last authored: Nov 2014, Becca Green-LaPierre
The dietary history collects retrospective information on patterns of food use during a longer, less precisely defined time period. It records a patient’s usual dietary intake (vs. actual food intake).
A full dietary history is composed of three components:
However, depending on time and opportunity for followup, the three day record is often skipped.
During the 24 hour recall, guide the patient to recall, in detail, all food and drink consumed the previous day, as well as any pertinent nutritional/herbal supplements.
Potential probes to use include:
These questions provide you with a general account of what the patient consumed the previous day.
Next, inquire about portion sizes.
Having visual aids such as food models, a measuring cup, and measuring spoons, can be very helpful.
Helpful cues include:
Show them a typical dinner plate and ask them what portion of their plate if filled with vegetables/meat/potato etc.
It is not necessary to inquire about the brand name of all foods, but it is important to note if your patient eats mostly processed, store bought foods to give you insight to the amount of sodum they consume and their personal food skills (e.g. cooking ability).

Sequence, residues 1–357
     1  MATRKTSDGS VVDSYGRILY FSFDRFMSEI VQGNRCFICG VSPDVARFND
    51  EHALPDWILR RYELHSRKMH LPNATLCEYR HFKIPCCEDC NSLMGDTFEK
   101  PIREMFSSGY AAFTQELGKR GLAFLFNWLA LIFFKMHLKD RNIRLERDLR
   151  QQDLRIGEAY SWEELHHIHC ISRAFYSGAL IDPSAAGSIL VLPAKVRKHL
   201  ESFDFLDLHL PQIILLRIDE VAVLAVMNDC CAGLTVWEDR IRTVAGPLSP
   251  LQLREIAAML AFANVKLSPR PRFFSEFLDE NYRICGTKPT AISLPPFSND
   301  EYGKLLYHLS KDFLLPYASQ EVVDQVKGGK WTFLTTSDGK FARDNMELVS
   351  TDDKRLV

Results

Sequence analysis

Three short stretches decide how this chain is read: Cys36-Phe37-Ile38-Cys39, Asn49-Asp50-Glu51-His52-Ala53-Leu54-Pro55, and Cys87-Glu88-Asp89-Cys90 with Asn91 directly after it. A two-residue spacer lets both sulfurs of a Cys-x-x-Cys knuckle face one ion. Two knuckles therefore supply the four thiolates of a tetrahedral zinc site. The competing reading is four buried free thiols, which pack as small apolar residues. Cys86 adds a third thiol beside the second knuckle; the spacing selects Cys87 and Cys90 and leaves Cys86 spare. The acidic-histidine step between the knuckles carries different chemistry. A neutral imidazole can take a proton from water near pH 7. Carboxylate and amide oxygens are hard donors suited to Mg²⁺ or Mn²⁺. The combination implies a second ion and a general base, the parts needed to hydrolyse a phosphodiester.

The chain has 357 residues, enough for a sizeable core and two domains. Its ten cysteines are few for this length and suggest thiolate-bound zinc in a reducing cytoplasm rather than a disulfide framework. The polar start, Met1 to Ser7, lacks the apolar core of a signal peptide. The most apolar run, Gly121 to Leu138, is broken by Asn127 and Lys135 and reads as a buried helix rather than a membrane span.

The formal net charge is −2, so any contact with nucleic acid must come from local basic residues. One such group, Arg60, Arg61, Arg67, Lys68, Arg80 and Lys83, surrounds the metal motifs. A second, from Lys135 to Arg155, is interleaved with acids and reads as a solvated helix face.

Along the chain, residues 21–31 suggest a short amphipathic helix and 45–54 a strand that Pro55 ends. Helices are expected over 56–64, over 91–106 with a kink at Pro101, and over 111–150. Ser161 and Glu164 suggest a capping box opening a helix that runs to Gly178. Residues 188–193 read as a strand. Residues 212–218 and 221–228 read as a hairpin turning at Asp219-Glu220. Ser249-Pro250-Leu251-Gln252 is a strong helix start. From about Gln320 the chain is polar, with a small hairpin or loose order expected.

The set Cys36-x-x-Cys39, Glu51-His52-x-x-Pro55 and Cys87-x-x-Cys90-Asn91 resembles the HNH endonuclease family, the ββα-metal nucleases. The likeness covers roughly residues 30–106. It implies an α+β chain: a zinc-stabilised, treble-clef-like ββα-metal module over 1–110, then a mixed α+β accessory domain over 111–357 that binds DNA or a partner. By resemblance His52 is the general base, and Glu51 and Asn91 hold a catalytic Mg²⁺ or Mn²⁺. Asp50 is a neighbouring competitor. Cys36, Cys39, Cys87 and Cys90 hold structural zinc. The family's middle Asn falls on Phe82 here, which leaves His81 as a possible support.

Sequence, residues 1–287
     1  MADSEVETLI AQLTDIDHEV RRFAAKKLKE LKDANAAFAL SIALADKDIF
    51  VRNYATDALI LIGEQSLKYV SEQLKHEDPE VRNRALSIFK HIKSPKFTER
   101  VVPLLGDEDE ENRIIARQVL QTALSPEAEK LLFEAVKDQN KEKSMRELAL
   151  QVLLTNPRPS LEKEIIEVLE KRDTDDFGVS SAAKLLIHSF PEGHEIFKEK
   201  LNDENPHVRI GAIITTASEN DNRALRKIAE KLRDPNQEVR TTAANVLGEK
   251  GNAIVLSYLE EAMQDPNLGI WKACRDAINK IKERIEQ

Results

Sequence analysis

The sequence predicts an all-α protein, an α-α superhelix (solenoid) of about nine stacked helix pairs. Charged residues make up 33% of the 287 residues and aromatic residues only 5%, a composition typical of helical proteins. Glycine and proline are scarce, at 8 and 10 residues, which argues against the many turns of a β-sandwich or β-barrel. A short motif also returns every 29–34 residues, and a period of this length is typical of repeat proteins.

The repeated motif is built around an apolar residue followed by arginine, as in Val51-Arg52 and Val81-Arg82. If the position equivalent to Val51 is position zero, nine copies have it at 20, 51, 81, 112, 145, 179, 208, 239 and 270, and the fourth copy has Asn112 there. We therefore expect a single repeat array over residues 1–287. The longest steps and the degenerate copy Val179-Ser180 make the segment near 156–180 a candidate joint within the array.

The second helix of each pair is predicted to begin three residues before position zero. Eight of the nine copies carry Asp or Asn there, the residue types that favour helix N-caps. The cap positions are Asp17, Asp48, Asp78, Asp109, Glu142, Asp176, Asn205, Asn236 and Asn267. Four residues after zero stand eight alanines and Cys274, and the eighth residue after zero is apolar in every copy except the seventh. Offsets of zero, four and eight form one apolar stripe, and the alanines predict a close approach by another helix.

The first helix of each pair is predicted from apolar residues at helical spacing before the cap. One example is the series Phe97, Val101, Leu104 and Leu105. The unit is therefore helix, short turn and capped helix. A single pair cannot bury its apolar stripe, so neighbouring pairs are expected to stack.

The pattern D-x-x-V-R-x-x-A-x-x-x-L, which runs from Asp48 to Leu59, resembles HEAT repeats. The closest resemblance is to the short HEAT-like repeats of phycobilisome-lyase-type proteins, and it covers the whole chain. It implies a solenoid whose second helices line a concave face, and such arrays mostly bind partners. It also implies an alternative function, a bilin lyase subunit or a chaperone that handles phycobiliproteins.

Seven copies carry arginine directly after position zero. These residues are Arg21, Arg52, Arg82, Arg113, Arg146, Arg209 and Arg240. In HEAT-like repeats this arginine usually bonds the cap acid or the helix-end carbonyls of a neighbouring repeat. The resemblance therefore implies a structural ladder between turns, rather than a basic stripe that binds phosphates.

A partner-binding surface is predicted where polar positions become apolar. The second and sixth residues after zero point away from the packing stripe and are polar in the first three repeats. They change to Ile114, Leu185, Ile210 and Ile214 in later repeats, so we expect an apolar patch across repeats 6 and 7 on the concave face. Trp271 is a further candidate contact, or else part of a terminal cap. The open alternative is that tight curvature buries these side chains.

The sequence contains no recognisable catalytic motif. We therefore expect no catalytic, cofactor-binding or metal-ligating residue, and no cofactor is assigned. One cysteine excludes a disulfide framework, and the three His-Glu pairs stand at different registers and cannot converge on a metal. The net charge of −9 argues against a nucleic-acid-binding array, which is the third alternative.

After gaining a sense of what the patient ate yesterday, record what day of the week it was. Ask them if that was a typical day for them in turns of eating? Do weekends differ from weekdays? The cross check is a mini questionnaire on the frequency of consumption of specific food items used to verify and clarify the information gathered from the 24h recall.
Potential probes include:
Being careful not to jump to conclusions, as you ask questions you might also gain a sense of their socio-economic status (Is everything no-name brand? Is there limited fresh fruits and vegetables? Does it seem like “healthy foods” are being rationed such as only 1 glass of milk at breakfast?). You could also ask questions around how often they go grocery shopping and where. How often they dine out and where. This information can be helpful to provide income-appropriate nutrition recommendations.
Have your patient record what they actually ate for three non-consecutive days. The patient should be as detailed as possible, including the timing of their meals, portion sizes and specifying whether meals are home made or store bought. It is best to write down what they ate soon after actually eating the meal so as to not rely on memory, as memory is less reliable.